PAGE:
# Design of class AB output stage

I'm trying to design an audio amplifier output stage to drive a speaker load. I'd like to start with the design of this stage in order to calculate the input impedance to the output stage so that I can proceed to designing a buffer stage with an appropriate output impedance and a gain stage before that.

My speaker impedence is 8 Ω and I'd like to deliver a minimum of 1 W to the load and keep total harmonic distortion below 1%. One possible class AB output stage configuration is given below. I looked at a few different configurations, but this one is nice in that it doesn't require a constant current source for the biasing which makes it simpler:

I first began by calculating the peak voltage over the load:

$$\Vp = \sqrt{2R_LP_l} = \sqrt{2(8)(1)}=4\ \textrm{V}\$$

From this I calculated the maximum output current through the load to be 2 mA using Ohm's law, assuming R3 and R4 to be 0 for the time being (I can add these values back if I notice any thermal runaway effects later).

Since the voltage gain of this output stage is approximately unity, the output current which I calculated as 2 mA is related to the input current through the current gain given by:

$$A_i = \frac{i_o}{i_i}=\frac{(1+\beta)R}{2R_L}$$

The textbook I'm using has made the assumption that all of the transistors, NPN and PNP, are perfectly matched when they derive the current gain. This is obviously not true in reality. The 2N3904 NPN transistors and the 2N3906 transistors I'd like to use have very different current gains.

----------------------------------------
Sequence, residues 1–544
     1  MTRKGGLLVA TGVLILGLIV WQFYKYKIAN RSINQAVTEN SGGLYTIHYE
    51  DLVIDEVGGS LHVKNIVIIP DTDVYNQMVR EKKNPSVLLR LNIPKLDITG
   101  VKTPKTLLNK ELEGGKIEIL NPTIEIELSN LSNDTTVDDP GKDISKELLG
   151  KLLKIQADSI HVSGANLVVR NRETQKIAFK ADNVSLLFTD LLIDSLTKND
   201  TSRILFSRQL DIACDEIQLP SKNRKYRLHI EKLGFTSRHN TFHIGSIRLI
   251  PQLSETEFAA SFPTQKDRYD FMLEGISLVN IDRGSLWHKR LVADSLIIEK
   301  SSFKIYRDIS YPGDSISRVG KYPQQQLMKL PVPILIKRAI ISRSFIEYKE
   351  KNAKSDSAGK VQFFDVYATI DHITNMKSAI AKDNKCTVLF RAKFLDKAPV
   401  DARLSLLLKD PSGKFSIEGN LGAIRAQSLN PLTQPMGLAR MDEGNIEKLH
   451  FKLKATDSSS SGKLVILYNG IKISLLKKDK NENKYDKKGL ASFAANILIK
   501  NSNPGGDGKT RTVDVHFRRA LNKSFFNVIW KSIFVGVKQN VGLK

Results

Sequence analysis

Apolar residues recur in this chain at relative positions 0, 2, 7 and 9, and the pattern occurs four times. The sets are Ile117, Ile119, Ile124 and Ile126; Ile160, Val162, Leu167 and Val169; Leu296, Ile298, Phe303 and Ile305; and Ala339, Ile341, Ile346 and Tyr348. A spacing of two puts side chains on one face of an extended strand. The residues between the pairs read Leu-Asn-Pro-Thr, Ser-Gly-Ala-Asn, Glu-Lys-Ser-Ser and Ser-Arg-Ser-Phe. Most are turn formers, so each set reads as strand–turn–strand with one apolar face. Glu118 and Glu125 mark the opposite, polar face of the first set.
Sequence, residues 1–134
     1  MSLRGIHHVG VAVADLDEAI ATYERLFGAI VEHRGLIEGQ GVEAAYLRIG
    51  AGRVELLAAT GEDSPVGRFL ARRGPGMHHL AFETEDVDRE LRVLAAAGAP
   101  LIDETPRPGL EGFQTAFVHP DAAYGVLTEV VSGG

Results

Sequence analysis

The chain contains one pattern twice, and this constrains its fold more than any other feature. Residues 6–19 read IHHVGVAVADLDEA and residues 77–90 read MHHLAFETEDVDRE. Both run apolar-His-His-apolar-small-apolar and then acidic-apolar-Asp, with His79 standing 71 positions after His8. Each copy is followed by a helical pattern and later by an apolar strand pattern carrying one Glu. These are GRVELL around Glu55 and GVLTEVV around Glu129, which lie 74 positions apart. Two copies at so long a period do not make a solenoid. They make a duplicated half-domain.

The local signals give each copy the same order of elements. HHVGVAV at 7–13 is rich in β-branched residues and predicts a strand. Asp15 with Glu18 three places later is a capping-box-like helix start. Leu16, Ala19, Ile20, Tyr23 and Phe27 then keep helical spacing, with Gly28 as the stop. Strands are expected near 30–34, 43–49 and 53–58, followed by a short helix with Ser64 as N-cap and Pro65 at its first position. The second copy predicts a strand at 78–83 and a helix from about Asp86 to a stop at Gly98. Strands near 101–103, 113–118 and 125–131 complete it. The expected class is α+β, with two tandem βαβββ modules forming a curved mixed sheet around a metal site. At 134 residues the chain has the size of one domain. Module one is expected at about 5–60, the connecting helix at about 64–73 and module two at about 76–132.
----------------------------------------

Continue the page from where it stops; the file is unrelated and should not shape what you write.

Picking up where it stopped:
How can I solve for my bias resistors R1 and R2 such that I keep the total harmonic distortion low, while still supplying the output current that satisfies the power requirement? What is a more practical/real-world design approach for designing this output stage? I find that the theory in the textbook is often quite useless when it comes to designing real applications.

• What do R1 and R2 do? They provide bias current for Q1 and Q2. What happens if for example the bias current of Q1 is too low? Then Q1 will be "out of current" under certain conditions. What are the conditions that Q1 + R1 need to source/sink the lowest / highest current? Well, what Base current will Q3 need? Determine the maximum collector current of Q3, divide that by the lowest $\beta$ you expect, take margin on that (like a factor 2), that will be the current that Q1 and R1 must be able to push/pull into Q3. Commented May 28, 2020 at 14:19
• This circuit arrangement is tempting. A problem you haven't addressed is temperature tracking...if you can keep all transistors at the same temperature it can work very nicely. But Q3,Q4 tend to run hot with large signals while Q1,Q2 consume more-constant power. Thermal design gets a bit complicated. Commented May 28, 2020 at 14:44
• Here you find what you want uweb.engr.arizona.edu/~brew/ece304spr07/Pdf/…
– G36
Commented May 28, 2020 at 16:03
• Are you sure about that value for the current? Commented May 28, 2020 at 18:17